Inspired by Southern-cooking traditions and flavors found right on its owners' Harpersville farm, The Pantry by Stone Hollow Farmstead designs "eat clean" cafe menus that transform local produce into fresh, sustainable, seasonal farm foods. Each day, its charming cottage-style Crestline Village home fills with the aromas of hearty soups as well as "one-pot" meals, which are simmered in traditional cast-iron cookware. These meals celebrate the work of Stone Hollow's farmers while highlighting the diversity of Southern agriculture. This eatery also doubles as a specialty food boutique, serving artisan products such as goat cheeses, preserves, and honeys that are made in small batches at the Farmstead. Onsite events such as recreational cooking classes and twice-monthly food and drink tastings give visitors even more ways to interact with local food that are easier than trying to speak fluent "cow" so they can finally ask where all that milk really comes from. The Pantry also moonlights as a one-of-a-kind venue for parties and events.
If you're hungry for a meal, you have plenty of choices at Mango Tango. You can grab a toasted sandwich, a panini, a rice bowl, or a burger. But if you only need a little energy boost, the place has that covered too. Simply order a smoothie, made with your choice of base, fruit, and supplements.
At Tea With Thee By Victoria, it's hard to decide on the main attraction: it could be the teas themselves, the gourmet food, or the elegant atmosphere. The teas are eclectic, ranging from a fruity cherry-ginger-orange brew to a Cold Comfort blend, designed to neutralize sniffles. The food consists of soups and salads, as well as tearoom classics: scones, finger sandwiches, and dainty sweets, which range from cupcakes to tea-infused chocolates. And the shop's flower-patterned china and three-tiered trays add a touch of understated glamour, which is only enhanced by the shop's decorations, including wintertime's Christmas trees.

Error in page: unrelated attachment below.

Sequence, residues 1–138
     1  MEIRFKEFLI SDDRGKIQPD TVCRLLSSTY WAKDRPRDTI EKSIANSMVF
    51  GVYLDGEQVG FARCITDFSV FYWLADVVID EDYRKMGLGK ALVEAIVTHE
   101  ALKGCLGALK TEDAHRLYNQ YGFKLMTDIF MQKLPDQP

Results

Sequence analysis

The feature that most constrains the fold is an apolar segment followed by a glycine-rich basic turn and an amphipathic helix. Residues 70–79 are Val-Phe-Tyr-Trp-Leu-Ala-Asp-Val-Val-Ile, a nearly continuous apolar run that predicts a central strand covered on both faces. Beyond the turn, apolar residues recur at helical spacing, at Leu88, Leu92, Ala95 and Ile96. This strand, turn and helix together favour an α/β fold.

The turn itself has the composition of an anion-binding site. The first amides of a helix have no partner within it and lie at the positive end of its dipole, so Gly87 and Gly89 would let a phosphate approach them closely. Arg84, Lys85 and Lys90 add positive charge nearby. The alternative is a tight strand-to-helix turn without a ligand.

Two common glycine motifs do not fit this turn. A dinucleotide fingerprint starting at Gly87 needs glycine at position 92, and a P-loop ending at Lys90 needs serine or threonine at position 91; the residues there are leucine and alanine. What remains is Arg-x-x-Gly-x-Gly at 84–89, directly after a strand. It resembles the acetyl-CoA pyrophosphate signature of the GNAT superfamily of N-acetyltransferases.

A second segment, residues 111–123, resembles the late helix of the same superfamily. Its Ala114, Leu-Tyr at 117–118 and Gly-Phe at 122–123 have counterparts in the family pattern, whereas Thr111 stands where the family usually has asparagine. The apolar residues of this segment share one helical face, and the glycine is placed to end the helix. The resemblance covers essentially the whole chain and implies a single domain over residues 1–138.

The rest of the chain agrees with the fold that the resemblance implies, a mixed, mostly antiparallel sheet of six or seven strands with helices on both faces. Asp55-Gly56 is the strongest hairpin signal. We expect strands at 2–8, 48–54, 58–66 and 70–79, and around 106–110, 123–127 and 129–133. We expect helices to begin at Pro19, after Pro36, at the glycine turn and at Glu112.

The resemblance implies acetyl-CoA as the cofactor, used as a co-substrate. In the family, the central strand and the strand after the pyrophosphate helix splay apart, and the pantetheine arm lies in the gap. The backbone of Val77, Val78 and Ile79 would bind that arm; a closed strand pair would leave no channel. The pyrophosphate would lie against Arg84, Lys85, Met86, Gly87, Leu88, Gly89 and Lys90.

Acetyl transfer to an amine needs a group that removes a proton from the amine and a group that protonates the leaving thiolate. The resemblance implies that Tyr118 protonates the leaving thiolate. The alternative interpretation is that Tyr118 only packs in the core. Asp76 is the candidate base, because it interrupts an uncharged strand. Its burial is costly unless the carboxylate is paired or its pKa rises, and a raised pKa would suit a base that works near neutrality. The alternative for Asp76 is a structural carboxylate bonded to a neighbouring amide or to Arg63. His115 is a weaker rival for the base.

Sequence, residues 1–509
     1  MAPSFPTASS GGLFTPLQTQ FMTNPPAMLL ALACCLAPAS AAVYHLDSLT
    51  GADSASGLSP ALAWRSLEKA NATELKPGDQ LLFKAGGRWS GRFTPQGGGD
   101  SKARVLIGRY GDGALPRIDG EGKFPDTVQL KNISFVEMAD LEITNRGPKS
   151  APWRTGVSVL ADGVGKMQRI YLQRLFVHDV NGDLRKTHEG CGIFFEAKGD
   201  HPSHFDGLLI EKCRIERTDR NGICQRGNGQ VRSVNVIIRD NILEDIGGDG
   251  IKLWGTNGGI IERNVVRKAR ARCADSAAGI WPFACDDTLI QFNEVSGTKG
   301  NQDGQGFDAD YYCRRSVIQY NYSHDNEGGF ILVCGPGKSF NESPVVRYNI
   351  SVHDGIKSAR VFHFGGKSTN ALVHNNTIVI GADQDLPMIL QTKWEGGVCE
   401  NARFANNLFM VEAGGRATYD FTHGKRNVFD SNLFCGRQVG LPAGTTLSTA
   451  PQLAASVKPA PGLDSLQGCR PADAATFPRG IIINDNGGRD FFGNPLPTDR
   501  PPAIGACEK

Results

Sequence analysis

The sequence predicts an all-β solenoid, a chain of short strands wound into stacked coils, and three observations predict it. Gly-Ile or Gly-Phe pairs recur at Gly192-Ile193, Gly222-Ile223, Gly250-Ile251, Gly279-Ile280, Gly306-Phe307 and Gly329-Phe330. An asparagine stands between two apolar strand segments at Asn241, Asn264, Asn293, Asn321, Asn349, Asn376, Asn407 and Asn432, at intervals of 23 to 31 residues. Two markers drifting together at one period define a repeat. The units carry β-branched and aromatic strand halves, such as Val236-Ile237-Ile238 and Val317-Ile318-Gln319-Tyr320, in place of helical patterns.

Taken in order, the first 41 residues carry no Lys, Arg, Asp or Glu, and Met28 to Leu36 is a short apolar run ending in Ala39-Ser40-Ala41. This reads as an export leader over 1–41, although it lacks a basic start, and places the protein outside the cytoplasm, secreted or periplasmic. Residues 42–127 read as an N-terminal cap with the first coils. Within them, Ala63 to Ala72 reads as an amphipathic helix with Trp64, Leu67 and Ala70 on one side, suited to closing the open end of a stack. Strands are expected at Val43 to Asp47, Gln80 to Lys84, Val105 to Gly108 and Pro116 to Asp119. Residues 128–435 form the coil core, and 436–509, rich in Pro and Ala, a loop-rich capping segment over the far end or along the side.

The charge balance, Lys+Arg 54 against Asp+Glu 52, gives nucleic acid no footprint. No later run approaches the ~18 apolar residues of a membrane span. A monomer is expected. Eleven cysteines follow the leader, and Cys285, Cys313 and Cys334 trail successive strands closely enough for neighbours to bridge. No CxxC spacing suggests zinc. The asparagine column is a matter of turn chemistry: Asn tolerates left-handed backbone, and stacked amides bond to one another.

When Tasia Malakasis walked into a gourmet food shop in New York City, she unexpectedly found herself face to face with her future. It was cheese?specifically, Belle Chevre, a French-style goat cheese made by hand in her home state of Alabama. It wasn't long before she was journeying down south to study the art of cheese-making. She became a genuine protege, and eventually, when the company's owner retired, she took over. Since 1989, the company has racked up numerous awards and accolades for its fine cheese, which include a pimento chevre, a Montrachet-style goat cheese, and a mint julep-inspired Southen Belle goat cheese. Their rustic creamery, housed in the old town cotton warehouse, offers both guided and self-guided tours, samples at the tasting bar, and a chance to meet the goats that help make the cheese by wrapping it up with their dexterous hooves.
On any night of the week, customers at The Foyer might hear a standup comedy show, live music performance, or poetry slam. The café strives to stay plugged into the community by posting local artwork and hosting open-mic nights. This way, it encourages community members to showcase their musical or verbal gifts or a talent most people never discover in themselves: balancing on one leg for 45—maybe even 50—minutes. It’s also a casual place for friends to relax with a Kaffeeklatsch specialty coffee or chai tea and a slice of housemade cheesecake.